The global chip crunch is already affecting multiple sectors including PCs, consoles, and the automotive industry, and now it’s wreaking havoc on AT&T’s fiber-to-the-home plans after the company announced a slowdown in fiber installations affecting around 500,000 homes.
Originally, AT&T had planned to roll out new fiber-to-the-home installations to around 3 million new customers in 2021. However, during a recent virtual conference detailed by Ars Technica, AT&T vice president and CFO Pascal Desroches recently announced AT&T is now lowering its forecast due to supply issues.
“We’re probably going to come in a little bit light, probably around 2.5 [million],” said Desroches. “Up through the second quarter, we hadn’t really experienced any impact from the supply-chain disruptions that are happening across the industry. But since the start of the third quarter, we are seeing dislocation across the board including in fiber supply.”
Throughout the last 12 to 18 months, the global semiconductor shortage has had the biggest impact on the production of things like CPUs, GPUs, and other chips, but now, it seems the chip crunch is beginning to impact the availability of base components like fiber optic cable as well, despite Desroche claiming that AT&T is the U.S.’s largest fiber purchaser.
And when huge corps like AT&T are having trouble sourcing components, things become even tougher for smaller ISPs, with Ars Technica also reporting that some smaller ISPs are facing minimum delays of three to four weeks (and up to 12 weeks in some cases) when trying to purchase the equipment needed to expand their networks.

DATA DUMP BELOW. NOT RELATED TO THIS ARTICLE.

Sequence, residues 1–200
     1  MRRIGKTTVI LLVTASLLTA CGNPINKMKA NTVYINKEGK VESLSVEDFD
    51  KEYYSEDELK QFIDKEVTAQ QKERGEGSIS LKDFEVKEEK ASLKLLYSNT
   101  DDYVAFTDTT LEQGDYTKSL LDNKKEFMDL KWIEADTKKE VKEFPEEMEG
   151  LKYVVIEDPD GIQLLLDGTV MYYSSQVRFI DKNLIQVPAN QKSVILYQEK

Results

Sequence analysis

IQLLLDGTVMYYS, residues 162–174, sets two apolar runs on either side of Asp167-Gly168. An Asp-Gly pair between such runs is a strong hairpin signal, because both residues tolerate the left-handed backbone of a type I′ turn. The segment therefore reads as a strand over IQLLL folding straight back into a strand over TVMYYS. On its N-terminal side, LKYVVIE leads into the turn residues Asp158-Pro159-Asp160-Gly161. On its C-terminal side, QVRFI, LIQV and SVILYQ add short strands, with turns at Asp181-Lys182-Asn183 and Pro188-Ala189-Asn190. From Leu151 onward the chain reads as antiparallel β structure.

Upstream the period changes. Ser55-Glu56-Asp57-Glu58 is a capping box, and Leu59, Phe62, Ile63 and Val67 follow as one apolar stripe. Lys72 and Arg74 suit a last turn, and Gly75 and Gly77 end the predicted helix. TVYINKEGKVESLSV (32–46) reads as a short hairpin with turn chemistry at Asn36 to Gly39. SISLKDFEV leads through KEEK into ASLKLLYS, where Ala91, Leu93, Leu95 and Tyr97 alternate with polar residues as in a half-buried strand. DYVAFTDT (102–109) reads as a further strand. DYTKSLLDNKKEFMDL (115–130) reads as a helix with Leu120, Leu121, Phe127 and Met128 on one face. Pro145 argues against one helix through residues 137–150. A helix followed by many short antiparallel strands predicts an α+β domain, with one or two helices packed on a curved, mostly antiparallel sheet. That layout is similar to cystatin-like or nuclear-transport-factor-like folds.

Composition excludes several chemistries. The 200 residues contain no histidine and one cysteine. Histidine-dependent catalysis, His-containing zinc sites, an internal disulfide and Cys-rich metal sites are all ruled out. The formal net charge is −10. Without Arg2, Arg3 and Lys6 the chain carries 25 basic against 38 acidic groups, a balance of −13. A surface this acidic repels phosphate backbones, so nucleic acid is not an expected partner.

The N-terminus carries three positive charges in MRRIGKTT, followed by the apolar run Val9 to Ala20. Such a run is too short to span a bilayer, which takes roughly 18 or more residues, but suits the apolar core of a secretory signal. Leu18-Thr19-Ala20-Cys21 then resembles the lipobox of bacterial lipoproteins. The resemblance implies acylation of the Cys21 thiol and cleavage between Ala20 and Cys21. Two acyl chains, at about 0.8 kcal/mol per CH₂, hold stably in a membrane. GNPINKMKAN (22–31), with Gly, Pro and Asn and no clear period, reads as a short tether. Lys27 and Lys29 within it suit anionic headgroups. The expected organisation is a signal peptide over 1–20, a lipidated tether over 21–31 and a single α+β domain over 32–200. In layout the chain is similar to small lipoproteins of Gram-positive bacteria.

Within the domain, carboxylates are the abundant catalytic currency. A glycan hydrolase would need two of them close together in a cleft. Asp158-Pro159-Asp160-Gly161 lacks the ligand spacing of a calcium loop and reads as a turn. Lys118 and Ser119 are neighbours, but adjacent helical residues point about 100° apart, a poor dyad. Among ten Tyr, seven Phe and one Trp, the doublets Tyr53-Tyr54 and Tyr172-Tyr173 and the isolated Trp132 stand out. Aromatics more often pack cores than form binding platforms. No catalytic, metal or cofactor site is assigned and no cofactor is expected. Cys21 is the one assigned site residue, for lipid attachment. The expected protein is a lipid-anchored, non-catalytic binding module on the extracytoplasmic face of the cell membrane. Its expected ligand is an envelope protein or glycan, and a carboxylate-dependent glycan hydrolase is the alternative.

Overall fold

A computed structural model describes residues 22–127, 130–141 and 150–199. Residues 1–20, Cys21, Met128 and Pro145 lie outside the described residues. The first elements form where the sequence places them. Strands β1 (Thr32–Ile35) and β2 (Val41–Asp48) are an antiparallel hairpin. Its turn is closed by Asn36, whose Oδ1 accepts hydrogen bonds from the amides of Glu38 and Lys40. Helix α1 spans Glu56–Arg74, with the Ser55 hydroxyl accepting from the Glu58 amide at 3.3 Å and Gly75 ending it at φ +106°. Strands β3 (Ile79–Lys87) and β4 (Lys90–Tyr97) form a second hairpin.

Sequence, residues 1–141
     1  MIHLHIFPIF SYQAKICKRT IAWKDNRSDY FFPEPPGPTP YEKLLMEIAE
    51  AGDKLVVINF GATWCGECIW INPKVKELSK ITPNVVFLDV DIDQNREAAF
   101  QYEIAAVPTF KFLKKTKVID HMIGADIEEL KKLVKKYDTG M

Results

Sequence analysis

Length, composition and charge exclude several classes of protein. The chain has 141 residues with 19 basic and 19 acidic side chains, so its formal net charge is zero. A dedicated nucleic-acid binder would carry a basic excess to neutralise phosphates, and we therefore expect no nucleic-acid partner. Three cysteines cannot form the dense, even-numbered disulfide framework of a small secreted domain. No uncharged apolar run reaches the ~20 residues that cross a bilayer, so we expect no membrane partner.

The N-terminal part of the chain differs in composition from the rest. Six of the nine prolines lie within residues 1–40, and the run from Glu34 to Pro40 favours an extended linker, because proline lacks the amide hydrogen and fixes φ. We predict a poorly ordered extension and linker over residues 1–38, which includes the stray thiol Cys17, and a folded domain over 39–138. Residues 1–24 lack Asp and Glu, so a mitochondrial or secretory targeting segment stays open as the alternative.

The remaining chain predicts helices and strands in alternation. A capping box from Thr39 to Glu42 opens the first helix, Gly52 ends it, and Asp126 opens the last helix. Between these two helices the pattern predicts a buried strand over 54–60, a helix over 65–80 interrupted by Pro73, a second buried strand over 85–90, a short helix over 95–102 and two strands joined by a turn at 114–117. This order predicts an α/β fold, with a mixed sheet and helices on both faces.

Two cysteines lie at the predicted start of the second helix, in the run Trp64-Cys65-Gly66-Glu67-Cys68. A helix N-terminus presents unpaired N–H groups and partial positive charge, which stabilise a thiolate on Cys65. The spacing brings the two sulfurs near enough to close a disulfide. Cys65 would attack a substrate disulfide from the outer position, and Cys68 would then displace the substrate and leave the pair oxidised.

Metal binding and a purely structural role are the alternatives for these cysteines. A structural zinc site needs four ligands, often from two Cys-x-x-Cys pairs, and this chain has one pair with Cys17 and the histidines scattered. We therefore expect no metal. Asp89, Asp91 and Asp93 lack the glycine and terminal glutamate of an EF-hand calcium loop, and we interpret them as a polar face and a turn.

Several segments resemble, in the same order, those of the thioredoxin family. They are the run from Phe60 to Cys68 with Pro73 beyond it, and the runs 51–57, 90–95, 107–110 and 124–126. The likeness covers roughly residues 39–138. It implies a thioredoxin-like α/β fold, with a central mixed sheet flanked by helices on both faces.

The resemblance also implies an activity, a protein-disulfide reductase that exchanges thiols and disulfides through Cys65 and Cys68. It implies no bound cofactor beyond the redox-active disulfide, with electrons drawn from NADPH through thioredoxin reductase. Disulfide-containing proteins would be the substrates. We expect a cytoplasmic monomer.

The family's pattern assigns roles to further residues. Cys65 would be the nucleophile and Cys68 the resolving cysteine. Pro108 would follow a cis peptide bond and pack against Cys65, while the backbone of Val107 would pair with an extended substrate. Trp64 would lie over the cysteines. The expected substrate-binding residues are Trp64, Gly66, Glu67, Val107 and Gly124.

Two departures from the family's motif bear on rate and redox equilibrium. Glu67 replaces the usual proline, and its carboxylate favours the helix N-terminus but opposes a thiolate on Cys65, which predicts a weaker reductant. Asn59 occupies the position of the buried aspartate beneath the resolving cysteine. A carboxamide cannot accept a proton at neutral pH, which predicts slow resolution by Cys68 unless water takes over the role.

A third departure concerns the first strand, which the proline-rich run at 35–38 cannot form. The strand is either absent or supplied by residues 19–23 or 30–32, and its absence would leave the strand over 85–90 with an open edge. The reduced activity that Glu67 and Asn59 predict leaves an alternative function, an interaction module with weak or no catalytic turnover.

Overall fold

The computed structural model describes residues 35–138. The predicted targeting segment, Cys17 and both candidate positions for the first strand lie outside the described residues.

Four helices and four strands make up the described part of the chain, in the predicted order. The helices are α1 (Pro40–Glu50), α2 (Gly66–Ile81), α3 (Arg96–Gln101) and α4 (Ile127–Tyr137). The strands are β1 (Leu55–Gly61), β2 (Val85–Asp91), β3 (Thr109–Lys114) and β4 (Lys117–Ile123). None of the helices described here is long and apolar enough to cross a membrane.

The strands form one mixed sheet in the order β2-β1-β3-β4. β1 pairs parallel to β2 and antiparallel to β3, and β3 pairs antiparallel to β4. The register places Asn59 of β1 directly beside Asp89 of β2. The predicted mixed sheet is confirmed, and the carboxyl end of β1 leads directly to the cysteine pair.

Thankfully, it seems AT&T’s fiber shortage may not be quite as dire compared to semiconductor availability, as AT&T announced in a recent press release that it plans to ramp up its fiber deployment in order to bring fiber broadband to 30 million homes by the end of 2025. AT&T says:
“In working closely with the broader fiber ecosystem to address this near-term dislocation, AT&T has better line of sight in its ability to ramp its fiber deployment activities in the coming quarters and is confident it will achieve the company’s target of 30 million customer locations passed by the end of 2025.”
Currently, AT&T has been able to roll out fiber broadband to around 15 million homes. However, even if AT&T hits its goal of expanding fiber-to-the-home to 30 million customers by 2025, that will still leave around 20 million other AT&T internet customers relying on older and slower copper lines.
But with the Biden administration looking to boost broadband speeds and broadband access across the country, the availability of faster fiber internet will only become more important, both for the U.S. and AT&T’s bottom line.